9. Well there’s not much going on in Canada so they need something to talk about.

    Also I’m not sure most Canadians know what a palm is exactly but it is definitely something foreign and therefore suspect.

    1. So all the Hollywood Lefties who threaten to move to Canada when an Elaction doesn’t go their way are wanting to move to a land of Xenophobes? Got it. The irony and lack of self-awaremeness is delicious!

  10. Or maybe the butter is hard in Canada because it gets really cold there in the winter.

    1. Eureka, frozen cows provide frozen butter!

      But I peculiarly sense a plot to develop Canadian ice cream exports, since Canadians obviously can’t spread any there.

      1. The Eskimos have 20 words for snow, but now we need a new word for the Eskimos.

        1. Snow niggers?

          1. *covers mouth and sniggers*

      2. No, frozen cows provide ice cream.

        California cows (earthquakes) provide butter.

        1. No. Earthquake cows provide milkshakes.

          Dur.

  11. Canadian here. I’ve had to pop a stick in the microwave a few times this year, just to get it to soften. I don’t usually have to do that so it was surprising.

    I didn’t know that it was a thing though.

    1. Don’t pop your stick in the microwave too often.

  12. The butter saw me with my shirt off and I have been working out.

  13. Those room temperature butter packages you find in restaurants are gross my opinion.

  14. I’m having a “buttergate” down here in the US. I noticed that they removed the beautiful native American woman from the Land O’ Lakes butter. I have eaten only that brand since the 60s. For some reason, it tastes like shit now. I did notice that they weren’t the only brand in town.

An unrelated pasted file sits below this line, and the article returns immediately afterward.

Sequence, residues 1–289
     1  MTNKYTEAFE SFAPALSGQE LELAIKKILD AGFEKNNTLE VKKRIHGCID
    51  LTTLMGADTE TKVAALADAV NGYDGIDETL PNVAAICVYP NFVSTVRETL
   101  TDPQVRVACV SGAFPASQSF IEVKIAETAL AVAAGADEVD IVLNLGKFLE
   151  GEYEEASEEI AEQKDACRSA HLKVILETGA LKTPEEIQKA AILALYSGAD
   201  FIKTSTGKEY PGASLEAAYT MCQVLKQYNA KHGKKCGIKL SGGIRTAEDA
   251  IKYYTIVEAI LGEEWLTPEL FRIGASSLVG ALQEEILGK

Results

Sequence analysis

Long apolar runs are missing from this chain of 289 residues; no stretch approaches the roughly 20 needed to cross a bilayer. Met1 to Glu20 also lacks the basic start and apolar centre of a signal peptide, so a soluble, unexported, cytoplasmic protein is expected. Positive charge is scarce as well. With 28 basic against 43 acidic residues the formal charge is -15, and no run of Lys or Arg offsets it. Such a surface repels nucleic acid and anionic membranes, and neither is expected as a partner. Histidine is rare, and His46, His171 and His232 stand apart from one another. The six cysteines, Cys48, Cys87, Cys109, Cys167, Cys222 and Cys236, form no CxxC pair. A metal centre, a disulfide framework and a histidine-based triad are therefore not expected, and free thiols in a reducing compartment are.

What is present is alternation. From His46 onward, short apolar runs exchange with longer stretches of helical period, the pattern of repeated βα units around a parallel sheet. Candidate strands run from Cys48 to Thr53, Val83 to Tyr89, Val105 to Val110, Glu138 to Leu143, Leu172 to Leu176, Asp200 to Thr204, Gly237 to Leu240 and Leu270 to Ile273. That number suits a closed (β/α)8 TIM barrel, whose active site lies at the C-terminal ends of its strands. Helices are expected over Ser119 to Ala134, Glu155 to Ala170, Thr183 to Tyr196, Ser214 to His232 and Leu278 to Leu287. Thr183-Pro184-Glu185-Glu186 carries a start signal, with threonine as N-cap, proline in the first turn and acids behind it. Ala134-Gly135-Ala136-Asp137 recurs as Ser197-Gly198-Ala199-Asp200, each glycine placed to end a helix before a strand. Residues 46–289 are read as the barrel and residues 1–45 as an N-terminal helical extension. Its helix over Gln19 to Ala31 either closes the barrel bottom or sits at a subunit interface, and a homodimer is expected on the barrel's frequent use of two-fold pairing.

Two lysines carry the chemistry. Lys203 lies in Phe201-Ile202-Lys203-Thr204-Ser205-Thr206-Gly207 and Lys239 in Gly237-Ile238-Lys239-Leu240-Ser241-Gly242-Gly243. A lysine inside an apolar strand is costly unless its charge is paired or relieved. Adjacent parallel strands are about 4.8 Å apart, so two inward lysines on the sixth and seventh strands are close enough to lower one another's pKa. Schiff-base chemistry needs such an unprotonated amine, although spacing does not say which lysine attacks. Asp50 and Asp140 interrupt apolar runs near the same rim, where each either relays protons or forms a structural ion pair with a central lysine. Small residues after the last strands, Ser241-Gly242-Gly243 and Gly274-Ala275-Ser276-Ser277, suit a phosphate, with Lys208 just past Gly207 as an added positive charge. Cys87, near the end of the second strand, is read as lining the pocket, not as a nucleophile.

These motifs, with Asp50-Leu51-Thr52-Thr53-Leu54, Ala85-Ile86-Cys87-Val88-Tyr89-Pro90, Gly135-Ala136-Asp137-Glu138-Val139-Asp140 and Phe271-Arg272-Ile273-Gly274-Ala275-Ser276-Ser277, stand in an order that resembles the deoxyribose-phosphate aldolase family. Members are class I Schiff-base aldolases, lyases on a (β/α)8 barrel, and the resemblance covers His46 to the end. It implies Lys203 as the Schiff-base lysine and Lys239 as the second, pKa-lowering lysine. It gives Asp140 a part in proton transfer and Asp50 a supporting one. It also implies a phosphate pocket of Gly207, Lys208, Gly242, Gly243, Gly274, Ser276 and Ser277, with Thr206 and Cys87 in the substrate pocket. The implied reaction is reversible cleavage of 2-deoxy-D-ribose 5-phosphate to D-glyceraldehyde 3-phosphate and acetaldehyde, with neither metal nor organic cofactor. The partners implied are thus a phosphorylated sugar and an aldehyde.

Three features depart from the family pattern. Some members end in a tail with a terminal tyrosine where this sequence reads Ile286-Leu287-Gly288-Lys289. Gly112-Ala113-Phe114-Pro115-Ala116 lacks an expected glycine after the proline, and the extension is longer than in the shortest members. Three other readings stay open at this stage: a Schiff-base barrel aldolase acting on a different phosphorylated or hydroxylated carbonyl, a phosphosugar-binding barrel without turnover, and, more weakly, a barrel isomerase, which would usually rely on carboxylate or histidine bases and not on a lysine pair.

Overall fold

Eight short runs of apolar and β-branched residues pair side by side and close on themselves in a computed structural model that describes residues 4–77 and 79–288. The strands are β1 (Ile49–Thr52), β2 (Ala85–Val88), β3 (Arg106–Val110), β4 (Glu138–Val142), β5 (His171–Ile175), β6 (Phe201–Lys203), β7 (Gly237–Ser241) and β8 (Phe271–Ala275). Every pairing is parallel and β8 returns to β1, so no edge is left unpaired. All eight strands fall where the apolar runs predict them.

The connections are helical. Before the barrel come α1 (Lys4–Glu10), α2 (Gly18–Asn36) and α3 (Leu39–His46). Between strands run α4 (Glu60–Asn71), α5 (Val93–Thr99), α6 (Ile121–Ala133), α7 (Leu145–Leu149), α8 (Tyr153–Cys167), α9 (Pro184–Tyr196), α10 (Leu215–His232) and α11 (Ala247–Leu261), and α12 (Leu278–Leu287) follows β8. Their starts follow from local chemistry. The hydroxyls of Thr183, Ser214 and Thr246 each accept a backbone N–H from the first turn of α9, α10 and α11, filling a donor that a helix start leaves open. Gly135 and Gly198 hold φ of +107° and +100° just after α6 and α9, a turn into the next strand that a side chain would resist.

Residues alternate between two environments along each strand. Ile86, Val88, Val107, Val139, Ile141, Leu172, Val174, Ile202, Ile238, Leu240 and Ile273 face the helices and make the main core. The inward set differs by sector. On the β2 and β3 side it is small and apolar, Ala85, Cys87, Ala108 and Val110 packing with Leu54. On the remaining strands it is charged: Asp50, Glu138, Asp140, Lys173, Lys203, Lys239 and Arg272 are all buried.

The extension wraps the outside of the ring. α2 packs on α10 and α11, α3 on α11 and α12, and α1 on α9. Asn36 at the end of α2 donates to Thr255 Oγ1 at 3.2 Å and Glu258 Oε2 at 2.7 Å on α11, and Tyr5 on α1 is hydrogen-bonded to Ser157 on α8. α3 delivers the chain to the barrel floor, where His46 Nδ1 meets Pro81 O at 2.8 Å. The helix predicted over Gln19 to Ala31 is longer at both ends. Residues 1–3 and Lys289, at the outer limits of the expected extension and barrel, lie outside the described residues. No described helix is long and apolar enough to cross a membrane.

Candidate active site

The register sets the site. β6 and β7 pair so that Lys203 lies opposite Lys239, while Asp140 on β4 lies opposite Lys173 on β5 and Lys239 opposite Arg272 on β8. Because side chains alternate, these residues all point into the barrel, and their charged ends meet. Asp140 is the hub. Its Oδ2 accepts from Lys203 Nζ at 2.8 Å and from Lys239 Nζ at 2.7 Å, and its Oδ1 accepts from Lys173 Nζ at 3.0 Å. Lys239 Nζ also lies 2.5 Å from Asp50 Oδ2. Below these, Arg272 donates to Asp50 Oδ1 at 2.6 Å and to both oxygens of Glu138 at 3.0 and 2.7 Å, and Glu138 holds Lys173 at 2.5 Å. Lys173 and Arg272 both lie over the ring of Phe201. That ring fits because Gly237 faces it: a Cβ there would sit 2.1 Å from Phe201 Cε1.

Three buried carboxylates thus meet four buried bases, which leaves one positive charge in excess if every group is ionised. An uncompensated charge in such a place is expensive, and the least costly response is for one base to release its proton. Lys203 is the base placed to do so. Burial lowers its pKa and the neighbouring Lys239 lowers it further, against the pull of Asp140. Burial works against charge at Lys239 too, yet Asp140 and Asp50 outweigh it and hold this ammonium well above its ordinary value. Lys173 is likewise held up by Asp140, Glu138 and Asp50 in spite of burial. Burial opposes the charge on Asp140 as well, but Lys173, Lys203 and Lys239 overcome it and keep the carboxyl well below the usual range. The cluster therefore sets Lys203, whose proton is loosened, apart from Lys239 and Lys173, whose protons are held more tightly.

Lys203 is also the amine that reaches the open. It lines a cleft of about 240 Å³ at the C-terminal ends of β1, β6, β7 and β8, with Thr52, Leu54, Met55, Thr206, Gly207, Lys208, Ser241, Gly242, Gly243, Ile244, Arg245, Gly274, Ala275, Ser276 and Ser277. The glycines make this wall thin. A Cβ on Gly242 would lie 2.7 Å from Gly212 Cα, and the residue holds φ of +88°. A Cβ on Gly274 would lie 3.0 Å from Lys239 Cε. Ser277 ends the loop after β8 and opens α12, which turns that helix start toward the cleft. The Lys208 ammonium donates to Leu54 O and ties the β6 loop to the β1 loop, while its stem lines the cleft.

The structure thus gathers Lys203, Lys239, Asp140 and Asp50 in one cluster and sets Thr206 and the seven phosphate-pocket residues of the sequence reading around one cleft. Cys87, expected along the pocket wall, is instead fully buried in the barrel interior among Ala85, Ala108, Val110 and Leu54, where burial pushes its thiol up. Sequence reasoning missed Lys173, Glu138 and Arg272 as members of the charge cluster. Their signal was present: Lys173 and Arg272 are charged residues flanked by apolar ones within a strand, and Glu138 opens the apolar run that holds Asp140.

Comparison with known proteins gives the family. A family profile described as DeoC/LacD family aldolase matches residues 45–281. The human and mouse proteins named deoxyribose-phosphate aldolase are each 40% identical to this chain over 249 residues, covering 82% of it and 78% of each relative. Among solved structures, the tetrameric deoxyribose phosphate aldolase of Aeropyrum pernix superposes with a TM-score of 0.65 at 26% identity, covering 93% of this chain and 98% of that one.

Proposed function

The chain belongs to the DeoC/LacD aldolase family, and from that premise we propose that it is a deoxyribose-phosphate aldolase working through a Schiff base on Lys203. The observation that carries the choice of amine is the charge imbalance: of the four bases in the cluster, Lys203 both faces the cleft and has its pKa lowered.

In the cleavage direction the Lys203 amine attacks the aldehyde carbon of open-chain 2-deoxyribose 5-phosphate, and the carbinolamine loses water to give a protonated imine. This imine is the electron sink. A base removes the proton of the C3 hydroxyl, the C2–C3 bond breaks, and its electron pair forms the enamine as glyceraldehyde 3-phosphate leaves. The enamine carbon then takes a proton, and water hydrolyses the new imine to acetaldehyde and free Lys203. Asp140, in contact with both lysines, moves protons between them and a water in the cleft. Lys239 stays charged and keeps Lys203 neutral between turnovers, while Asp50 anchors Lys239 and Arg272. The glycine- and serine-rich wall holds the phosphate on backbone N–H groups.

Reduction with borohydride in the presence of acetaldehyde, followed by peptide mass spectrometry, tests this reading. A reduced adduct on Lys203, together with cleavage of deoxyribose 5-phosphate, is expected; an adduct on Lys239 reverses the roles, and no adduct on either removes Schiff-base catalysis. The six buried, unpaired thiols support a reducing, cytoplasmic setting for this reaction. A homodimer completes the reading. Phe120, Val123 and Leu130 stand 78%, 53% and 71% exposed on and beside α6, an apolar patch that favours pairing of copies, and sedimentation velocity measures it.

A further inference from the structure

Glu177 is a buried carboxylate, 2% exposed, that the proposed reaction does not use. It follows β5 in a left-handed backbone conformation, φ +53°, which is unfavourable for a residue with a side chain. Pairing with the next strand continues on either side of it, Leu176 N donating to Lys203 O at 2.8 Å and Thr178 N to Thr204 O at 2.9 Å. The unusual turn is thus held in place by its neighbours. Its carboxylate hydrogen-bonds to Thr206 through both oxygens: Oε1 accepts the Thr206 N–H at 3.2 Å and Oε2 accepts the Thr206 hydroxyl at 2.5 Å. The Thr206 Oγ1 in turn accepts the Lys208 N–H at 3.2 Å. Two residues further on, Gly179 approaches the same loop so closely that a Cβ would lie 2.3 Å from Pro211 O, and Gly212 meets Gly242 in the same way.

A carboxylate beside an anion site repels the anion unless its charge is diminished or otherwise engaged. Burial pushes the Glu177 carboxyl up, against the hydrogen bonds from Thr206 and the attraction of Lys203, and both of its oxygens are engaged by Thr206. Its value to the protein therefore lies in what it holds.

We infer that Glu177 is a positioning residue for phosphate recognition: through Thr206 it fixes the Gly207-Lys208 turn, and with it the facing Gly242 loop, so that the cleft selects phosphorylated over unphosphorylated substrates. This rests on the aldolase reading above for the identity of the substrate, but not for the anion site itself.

1. I checked the LOL site. They’ve been celebrating Woman’s History month, so … she’s now officially a part of history B-)

    2. yeah, apparently to be more inclusive of Indigenous peoples, they had to remove a picture of an Indigenous person from their product.

      1. They should’ve waited until Native American history month to drive her off.

    3. Not only that, the Land O’ Lakes American cheese stopped melting some time over the last 6 months. Grilled cheese sandwiches are ruined. Hopefully it is just a bad batch and not some kind of a cow rebellion.

  15. Hard butter? A shelf stable butter with an alcohol content sounds quite nice to me.

  16. Am I really the only one who knows that the cause of this is Trump?

  17. An acquaintance of mine makes and sells tofu to the public. (It’s not as faggy as it sounds; he’s Japanese and so are his customers.) He told me that making tofu was not difficult. The most difficult part of his work was maintaining consistency. Consistent taste, consistent smell, consistent texture, etc. That’s what his customers demand, and it’s a very tough row to hoe.

    1. But, it’s still tofu.

    2. What taste?

      1. Exactly. It needs to consistently have no taste.

      2. “What taste?”

        Tofu can carry many different flavors, and can be prepared in many different styles. Buddhist restaurants use it in the making of mock pork, chicken, tuna, crab, lamb, shrimp, beef etc.

        1. “mock pork, chicken, tuna, crab, lamb, shrimp, beef etc.”

          All of which still tastes like nothing.

          1. So your mother’s a bad cook. You’d be surprised what a good professional cook can do with tofu, spices, seaweed and fresh vegetables. Try the vegetarian restaurant just east of Taiwan Normal University in Taipei, if it’s still there. The name escapes me. Look for the restaurant decorated with swastikas.

            1. You know who else was vegetarian and had buildings with swastikas?

        2. If those Buddhist restaurants serve “mock meat” to the wrong carnivore, the carnivore might show them “the sound of one hand clapping.”

  18. Wait… a dairy farmer named “Cherylynn BOS”? Really?! This reads more like Pynchon or Vonnegut than Reason.

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  22. In defense of standards of identity, they keep nondairy “spread,” which contains significant amounts of water, from being labeled as margarine. If your old family recipes don’t bake up as well as they should, you’re probably using “spread” instead of real margarine. Standards of identity also ensure that sandwich spreads aren’t labeled as mayonnaise.

  23. Obviously a case of Sars Bovi 2.